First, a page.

Permanent collection and locations
Collection and preservation
A museum and collection of stature
Nature park centre in the Moor-Veenland nature park
Economic exploitation and the concomitant changes in the landscape left Bourtanger Moor consisting only of residual peatland areas. In 2006, these areas were joined together in the cross-border German-Dutch “Naturpark Moor-Veenland“ nature park – not least with the aims of consolidating conservation of the intact upland peat areas and adding the upland peat areas still in use to the area of nature conservation. In addition, tourism needs to be promoted in this region. In the next 15 years further areas which have been fully or partly excavated will become areas of nature conservation following successful renaturalization, and the nature reserve will thus undergo further growth and realignment. Serving as a centre to the nature park, Emsland Moormuseum offers both historical and ecological expertise in the transfer of knowledge.
Emsland Moormuseum mission
Emsland Moormuseum is situated in the municipality of Geeste near the Netherlands-German border, surrounded by the international Bourtanger Moor – Bargerveen nature park. It has 30ha of outdoor grounds, containing renaturalized upland peat areas and settler’s farms, which are accessible via the field railway and plank paths. The museum boasts two state-of-the-art exhibition halls, together providing 2,500m² of exhibition space, and a museum café. Emsland Moormuseum’s public mission is to collect, preserve, research and convey knowledge about peatland and peat cultivation in northwestern Germany. In this endeavour, the museum follows the guidelines of the International Council of Museums (ICOM), the German Museum Association (Deutschen Museumsbundes) and the Lower Saxony and Bremen Museum Guild. Currently the largest European museum devoted to peat moorland, Emsland Moormuseum has a unique collection on the origins of the moorland, its development and cultivation, its settlement, the Emsland Plan, peat extraction and production as well as peatland conservation and issues relating to the renaturalization of peat moorland. Emsland Moormuseum is renowned nationally and internationally as a museum and research location. The work of all the staff of Emsland Moormuseum focuses on serving the museum’s visitors. Our aim is to meet your needs and wishes. A wide range of educational offerings promote active learning, while visitors can enjoy peace and quiet and recreation in the spacious outdoor grounds and adjoining peat moorland locations. Based on a principle of lifelong learning and education for sustainable development, we hope to leave our visitors with warm feelings about the peatlands, as well as a greater understanding of the largely disturbed ecosystem. The sustainable management of peatlands is a main focus of teaching in schools and universities: interdisciplinary, based on historical developments, and addressing current, ecological core topics. This makes every employee and every position at Emsland Moormuseum of vital importance. All our employees have the requisite knowledge and skills to perform their jobs, are responsible and trustworthy, and are integrated into and accepted by their team. This is the only way to reconcile the constantly changing demands on the museum with the immutable nature of its mission. Photograph: Emsland Moormuseum employees during a visit to Zollern colliary in the Bövinghausen suburb of Dortmund.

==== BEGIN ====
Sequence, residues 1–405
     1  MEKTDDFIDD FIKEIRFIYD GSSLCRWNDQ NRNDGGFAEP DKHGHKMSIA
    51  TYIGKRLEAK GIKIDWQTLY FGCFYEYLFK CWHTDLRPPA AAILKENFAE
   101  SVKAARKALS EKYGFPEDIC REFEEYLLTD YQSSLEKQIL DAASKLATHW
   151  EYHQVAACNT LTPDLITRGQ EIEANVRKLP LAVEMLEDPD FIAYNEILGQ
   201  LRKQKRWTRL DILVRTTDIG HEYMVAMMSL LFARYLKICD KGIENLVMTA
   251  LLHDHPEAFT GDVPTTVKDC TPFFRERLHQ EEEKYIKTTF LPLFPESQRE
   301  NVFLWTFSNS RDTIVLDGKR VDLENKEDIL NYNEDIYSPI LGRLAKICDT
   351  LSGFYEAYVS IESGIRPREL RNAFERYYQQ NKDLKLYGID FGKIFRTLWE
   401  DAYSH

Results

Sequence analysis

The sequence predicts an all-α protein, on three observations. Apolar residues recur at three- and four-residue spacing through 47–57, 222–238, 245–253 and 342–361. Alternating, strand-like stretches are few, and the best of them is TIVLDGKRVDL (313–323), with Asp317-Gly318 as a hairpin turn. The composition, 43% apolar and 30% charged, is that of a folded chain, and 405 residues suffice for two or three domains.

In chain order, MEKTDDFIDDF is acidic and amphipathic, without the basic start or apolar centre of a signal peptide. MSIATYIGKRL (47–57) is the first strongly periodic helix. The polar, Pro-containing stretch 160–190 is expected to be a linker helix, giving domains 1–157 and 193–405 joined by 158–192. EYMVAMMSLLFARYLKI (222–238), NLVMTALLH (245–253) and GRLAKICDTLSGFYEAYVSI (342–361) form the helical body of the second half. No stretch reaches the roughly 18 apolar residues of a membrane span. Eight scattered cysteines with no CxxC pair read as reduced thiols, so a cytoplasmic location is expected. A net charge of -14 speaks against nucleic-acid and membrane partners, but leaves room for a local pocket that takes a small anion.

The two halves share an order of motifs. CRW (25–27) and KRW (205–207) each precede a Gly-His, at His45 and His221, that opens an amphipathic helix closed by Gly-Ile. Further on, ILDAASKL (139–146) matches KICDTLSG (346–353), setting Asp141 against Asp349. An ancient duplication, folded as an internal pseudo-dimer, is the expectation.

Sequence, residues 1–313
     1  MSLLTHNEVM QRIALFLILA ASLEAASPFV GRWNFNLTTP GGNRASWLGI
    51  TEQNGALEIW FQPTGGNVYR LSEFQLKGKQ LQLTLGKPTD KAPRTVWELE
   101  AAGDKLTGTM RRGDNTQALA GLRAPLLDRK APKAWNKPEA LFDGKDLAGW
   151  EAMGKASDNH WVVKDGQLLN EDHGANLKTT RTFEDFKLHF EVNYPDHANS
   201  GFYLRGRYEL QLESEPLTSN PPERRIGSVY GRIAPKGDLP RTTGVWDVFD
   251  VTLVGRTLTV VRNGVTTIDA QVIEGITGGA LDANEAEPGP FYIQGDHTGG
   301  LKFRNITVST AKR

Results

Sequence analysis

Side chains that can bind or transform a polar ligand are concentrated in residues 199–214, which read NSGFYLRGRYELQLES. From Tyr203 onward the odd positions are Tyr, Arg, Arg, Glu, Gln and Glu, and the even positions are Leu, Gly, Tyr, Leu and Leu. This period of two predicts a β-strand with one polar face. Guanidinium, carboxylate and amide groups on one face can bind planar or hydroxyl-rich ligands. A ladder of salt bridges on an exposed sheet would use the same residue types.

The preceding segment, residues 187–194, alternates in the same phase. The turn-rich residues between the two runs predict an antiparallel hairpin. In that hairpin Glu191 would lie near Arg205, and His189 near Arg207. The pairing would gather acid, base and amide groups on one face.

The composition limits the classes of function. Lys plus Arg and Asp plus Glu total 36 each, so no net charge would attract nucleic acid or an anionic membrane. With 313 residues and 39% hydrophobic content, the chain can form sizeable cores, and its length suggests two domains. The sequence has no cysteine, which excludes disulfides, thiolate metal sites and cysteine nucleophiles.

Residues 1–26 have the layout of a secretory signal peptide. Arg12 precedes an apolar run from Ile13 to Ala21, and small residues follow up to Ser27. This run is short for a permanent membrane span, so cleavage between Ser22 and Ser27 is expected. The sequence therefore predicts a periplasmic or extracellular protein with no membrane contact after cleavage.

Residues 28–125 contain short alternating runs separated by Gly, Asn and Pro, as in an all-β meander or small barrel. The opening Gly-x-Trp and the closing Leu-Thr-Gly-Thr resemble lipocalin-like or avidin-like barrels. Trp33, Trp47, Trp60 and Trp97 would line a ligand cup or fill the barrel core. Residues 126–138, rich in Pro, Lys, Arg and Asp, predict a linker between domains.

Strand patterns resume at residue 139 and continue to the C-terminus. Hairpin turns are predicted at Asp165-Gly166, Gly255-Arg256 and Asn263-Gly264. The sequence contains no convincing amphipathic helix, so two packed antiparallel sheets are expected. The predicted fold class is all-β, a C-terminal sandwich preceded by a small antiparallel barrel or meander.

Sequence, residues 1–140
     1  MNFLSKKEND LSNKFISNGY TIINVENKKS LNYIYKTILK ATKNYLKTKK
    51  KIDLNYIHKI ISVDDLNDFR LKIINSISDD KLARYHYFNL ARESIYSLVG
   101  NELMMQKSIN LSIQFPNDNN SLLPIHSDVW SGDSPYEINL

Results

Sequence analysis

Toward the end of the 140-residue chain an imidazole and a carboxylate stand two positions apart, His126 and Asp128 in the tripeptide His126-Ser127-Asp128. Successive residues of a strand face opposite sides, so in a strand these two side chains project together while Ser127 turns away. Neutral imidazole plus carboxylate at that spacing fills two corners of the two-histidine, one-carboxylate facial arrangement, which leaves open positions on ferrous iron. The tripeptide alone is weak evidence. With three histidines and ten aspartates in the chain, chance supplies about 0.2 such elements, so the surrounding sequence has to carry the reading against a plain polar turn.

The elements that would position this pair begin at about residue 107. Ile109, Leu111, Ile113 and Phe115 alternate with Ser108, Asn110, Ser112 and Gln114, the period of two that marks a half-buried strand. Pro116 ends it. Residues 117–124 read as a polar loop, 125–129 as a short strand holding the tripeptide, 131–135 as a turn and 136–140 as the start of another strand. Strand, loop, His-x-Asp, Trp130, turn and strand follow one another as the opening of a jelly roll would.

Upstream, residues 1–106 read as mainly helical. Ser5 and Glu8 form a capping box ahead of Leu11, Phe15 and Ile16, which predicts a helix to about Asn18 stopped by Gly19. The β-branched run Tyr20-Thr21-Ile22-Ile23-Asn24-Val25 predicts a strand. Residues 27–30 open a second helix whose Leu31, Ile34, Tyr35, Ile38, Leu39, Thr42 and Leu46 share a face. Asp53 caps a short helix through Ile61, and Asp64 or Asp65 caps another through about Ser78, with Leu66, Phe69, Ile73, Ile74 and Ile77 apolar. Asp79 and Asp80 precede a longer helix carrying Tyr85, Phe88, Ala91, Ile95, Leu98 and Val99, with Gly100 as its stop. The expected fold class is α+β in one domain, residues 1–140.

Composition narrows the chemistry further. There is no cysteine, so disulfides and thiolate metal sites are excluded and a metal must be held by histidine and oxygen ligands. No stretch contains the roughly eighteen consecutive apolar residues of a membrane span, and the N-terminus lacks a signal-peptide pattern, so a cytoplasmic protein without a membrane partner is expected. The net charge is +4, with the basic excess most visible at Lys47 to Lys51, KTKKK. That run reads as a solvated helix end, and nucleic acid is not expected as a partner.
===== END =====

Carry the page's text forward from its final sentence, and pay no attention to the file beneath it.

Origin of Emsland Moormuseum
Origin of Emsland Moormuseum: Emsland Moormuseum has its origins in the local history and tourist association Heimat- und Verkehrsverein Groß Hesepe e.V. In the 1970s, after cultivation work within the framework of the Emsland plan had ended, heavy machinery produced by the company Ottomeyer, such as traction engines, steam ploughs and earthmovers, remained in Emsland. Having become redundant at the end of the works, these machines were entrusted to the Heimatverein Groß Hesepe association (of the municipality of Geeste) to be exhibited. Soon after, several peat extraction and peat processing machines and manual tools from the times of agricultural peat extraction, which had become obsolete due to continuing technological progress in the region, were added to the collection. The machines and tools were accommodated in a residual peat moorland area with an initial surface area of 20ha, which was made available to the Heimatverein by the municipality of Geeste. In 1984 a hall with an administrative and residential wing was built, and extended two years later with an exhibition area. It was possible to open another building in 1992 to house the administration and museum restaurant, but attempts to stabilise the Moormuseum economically remained unsuccessful. Not least due to these problems, which needed to be solved in light of the museum’s increasing stature, a reorganization took place in 2003/2004. A new sponsoring association was founded in the form of Emsland Moormuseum e.V., to which the Emsland district, the municipality of Geeste, the Emsland Heimatbund, the Geeste local association and individuals from social and economic life are affiliated. At the same time, a scientific management was entrusted with the planned conversion and expansion of Emsland Moormuseum.